Re-privatization also means to consumer co-ops, and this promising step in Ethiopia may survive the unbalanced legal climate there…
The Addis Abeba City Administration is finally preparing to lose public shops and recreations centres, which had been operating under kebeles, to consumers associations within six months.
These places have been in operation since July 1976 under kebele administrations. With the fall of the Derge regime in 1991, they have been under a trustee board set by the city administration.
They include 304 kebele shops, 170 kebele recreation centres, 102 shower rooms, 71 flour mills, 16 kindergartens, 33 halls, 57 warehouses, and others, making a total of 1,069 establishments. But the city administration has not been satisfied by the quality of service provided to the public by these establishments; amongst the problems cited being the fact that they have not bought bonds for the renaissance dam.
More than half of the total, 668, including 242 shops and 16 recreational centres, are rented to third parties. In all districts but one, Gulele, these institutions keep their revenues with their trustee boards. In Gulele District, where the authorities were not comfortable with the trustee boards collecting revenues by themselves and for themselves, all revenues have been transferred to the wereda Revenue Bureau since October 2006.
These places, a study said, also followed the interests of their boards and not the public demand.
The city’s Trade & Industry Bureau, which is assigned to make the transfer to the consumers’ associations, has conducted a discussion between 15 and 17 August, 2012, with the members of the transfer committee and the trustee board as well as its staff.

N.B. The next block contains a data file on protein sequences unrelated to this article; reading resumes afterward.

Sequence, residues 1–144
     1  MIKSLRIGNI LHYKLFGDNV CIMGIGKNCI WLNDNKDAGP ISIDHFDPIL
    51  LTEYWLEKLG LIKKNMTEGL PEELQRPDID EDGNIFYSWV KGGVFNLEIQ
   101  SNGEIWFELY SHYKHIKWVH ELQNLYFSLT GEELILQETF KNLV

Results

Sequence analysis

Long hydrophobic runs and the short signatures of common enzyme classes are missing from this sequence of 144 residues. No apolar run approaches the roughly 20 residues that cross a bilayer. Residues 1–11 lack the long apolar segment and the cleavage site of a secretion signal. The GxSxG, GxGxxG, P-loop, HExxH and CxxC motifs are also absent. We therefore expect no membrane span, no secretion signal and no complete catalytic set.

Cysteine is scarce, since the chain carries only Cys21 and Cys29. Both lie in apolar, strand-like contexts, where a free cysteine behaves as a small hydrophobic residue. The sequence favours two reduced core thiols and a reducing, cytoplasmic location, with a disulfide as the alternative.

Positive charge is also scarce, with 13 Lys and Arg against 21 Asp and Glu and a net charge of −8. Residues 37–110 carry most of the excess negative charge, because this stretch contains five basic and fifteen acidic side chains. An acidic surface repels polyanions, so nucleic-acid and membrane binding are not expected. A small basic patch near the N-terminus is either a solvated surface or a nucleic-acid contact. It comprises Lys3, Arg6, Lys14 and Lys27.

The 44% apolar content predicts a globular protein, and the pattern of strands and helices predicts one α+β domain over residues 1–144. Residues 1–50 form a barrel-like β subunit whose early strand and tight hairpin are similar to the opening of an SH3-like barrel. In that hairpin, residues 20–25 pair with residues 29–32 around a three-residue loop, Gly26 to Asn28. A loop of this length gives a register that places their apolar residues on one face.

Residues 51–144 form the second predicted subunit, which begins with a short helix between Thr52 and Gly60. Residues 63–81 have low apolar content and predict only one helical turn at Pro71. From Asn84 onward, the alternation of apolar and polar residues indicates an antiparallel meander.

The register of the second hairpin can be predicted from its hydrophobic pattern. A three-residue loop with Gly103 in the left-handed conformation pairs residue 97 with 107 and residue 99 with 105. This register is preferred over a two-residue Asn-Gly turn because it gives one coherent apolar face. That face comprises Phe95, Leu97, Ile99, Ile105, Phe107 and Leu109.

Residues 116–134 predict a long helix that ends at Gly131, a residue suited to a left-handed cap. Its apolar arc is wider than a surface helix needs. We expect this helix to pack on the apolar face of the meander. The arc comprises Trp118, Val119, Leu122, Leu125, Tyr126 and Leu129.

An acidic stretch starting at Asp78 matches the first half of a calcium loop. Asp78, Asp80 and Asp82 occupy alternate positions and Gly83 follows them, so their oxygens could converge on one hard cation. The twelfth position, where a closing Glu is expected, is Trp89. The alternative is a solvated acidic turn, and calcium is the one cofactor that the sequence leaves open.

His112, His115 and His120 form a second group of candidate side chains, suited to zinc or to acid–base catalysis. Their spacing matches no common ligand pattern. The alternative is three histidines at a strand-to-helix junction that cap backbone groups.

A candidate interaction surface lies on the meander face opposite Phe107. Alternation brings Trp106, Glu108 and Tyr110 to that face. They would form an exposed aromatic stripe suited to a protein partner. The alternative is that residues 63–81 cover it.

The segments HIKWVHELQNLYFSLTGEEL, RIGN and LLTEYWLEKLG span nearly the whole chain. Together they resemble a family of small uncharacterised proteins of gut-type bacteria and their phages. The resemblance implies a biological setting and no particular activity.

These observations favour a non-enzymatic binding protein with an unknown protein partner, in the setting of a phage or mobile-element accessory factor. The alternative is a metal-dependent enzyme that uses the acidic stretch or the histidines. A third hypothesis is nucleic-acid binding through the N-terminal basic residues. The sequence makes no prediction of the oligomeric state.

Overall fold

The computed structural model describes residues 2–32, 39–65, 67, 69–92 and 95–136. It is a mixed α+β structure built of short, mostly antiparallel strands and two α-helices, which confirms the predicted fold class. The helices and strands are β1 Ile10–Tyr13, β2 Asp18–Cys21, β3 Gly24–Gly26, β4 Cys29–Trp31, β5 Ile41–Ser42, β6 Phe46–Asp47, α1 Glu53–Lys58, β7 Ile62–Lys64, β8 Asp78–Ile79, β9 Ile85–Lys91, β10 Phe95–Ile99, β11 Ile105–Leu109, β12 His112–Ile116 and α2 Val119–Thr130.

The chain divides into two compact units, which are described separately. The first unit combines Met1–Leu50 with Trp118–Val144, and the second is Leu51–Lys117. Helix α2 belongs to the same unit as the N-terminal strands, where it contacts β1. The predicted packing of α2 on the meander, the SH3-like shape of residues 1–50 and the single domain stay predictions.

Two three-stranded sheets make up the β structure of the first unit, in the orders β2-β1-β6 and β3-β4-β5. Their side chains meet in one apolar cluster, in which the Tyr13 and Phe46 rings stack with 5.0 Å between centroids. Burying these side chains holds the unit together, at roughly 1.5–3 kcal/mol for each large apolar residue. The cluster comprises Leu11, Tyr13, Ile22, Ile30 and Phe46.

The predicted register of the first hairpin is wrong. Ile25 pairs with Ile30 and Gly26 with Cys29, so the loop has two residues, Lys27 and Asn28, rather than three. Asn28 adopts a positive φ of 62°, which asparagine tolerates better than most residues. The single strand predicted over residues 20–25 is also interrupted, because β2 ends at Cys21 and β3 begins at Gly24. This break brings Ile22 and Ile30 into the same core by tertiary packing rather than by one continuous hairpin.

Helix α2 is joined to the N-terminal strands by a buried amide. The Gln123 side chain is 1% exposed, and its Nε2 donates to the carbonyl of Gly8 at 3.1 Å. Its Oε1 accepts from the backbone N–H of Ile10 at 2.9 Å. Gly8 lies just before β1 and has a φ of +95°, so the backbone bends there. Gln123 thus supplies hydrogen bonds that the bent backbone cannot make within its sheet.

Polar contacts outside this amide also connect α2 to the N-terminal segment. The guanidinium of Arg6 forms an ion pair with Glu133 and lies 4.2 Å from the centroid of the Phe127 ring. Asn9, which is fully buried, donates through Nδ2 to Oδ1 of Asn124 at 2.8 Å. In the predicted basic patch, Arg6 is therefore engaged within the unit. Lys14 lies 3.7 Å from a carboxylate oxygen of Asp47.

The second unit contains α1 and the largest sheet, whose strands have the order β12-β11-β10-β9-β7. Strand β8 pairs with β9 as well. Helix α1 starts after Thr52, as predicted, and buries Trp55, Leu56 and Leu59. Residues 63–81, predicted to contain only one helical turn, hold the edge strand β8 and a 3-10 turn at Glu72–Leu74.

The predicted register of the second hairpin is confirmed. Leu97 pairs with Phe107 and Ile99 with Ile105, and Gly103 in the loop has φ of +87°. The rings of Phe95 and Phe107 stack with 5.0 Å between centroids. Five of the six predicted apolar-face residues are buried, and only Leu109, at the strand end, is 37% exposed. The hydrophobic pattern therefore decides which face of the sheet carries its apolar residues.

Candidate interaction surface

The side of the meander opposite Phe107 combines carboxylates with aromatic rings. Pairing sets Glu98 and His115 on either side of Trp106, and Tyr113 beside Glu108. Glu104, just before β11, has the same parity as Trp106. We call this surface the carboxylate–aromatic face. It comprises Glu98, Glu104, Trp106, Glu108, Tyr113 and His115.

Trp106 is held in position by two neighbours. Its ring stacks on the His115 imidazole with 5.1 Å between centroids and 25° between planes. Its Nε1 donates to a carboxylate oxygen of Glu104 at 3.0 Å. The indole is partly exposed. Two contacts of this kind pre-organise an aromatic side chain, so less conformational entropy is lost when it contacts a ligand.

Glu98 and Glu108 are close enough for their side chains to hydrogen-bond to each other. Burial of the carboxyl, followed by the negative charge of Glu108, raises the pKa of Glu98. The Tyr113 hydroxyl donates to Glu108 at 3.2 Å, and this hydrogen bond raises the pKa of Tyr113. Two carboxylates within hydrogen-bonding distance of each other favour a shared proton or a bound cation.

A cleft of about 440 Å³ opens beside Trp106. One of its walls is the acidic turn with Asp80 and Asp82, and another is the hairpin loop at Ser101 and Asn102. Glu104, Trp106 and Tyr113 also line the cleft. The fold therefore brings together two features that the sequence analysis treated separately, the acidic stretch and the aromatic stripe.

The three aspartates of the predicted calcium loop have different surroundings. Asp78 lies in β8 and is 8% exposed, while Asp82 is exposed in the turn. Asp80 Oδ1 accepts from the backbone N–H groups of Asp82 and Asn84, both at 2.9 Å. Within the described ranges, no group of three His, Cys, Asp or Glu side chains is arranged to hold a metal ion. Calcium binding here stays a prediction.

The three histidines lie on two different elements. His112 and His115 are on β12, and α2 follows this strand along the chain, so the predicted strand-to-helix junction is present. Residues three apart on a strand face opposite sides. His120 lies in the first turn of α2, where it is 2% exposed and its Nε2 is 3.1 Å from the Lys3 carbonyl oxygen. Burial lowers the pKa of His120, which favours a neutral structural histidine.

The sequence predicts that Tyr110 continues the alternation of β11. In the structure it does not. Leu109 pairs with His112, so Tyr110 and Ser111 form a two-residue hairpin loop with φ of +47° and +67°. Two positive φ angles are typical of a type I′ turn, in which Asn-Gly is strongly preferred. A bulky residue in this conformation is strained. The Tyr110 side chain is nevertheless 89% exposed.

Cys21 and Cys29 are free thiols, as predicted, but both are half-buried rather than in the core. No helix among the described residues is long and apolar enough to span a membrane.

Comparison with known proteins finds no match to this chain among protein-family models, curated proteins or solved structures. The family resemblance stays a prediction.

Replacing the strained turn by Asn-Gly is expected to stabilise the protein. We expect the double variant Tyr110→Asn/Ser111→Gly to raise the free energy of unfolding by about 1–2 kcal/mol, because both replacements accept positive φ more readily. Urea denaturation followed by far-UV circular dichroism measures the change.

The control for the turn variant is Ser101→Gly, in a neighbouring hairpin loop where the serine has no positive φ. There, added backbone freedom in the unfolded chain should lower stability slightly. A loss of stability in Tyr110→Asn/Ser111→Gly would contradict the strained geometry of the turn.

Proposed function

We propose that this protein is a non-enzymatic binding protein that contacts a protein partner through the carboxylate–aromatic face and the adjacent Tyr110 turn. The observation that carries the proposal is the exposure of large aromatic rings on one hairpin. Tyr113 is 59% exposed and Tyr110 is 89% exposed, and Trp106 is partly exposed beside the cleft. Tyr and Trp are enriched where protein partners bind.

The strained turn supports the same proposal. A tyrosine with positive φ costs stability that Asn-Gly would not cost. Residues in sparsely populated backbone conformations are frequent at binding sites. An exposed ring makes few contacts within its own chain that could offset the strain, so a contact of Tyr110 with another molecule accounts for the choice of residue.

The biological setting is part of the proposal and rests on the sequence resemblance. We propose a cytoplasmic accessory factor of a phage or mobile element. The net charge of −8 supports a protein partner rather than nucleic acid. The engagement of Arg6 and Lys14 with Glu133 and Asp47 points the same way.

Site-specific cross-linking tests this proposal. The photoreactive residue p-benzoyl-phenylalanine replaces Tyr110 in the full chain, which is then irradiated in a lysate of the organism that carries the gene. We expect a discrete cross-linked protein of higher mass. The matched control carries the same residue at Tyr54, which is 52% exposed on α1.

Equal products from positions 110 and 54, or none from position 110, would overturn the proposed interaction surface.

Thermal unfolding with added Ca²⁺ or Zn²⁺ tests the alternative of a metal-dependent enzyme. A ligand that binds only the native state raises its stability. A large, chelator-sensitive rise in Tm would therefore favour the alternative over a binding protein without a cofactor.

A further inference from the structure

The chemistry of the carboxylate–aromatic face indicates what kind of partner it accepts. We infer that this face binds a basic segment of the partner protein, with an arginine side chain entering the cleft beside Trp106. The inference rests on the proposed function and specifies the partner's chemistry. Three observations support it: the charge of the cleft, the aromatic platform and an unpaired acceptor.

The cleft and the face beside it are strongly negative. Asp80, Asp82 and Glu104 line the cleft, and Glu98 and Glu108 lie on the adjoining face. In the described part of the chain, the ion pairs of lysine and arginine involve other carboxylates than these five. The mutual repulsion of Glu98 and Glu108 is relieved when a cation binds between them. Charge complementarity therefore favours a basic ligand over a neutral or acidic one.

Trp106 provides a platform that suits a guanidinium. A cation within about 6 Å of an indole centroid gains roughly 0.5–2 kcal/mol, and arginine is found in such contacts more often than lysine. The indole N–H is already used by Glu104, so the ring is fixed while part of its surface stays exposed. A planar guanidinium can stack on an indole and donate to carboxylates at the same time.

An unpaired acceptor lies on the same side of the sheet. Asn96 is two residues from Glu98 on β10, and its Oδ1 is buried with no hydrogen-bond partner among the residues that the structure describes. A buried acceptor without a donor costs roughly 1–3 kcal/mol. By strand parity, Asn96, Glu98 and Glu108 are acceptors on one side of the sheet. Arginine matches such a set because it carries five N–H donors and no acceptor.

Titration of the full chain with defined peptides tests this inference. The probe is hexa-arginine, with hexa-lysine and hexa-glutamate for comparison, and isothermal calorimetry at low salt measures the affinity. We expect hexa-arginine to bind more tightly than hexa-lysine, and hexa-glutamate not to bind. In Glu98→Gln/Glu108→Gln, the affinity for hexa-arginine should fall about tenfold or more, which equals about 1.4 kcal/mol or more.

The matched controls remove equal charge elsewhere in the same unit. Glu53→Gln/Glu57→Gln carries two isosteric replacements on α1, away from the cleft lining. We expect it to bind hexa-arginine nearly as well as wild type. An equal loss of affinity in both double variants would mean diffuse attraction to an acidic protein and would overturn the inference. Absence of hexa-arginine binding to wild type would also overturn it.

The Bureau made assessments since December 2012 and offered three options to the City Council. It included letting the successful ones, such as 17-17, to continue running as usual, to sell the rest, with the revenue going to the kebeles, or to transfer the ownership to cooperatives.
The City Council issued a regulation in July 2012 to effect the transfer to the consumer associations. The thousand plus establishments to be transferred have a collective capital of 104 million Br, with fixed asset of 35.45 million Br and cash in hand and in bank of 64.85 million Br.
The 4,759 permanent employees, out of a total 5,480, will be treated according to the labour law, the regulation has indicated.
The study found problems with the management, which was controlled by a trustee board elected from the public and that the institutions did not have a uniform accounting system, according to Belayneh Woldesenbet, leader of the City’s Communication Affairs Process.
“This transfer into consumer cooperatives resolves all the challenges. They would become publicly owned, managed, controlled, and publicly responsible, accountable, and transparent institutions,” says Mulugeta Mengistu, Cooperatives Development Office head at the bureau.
The new owners will be the 140 consumers cooperatives in the city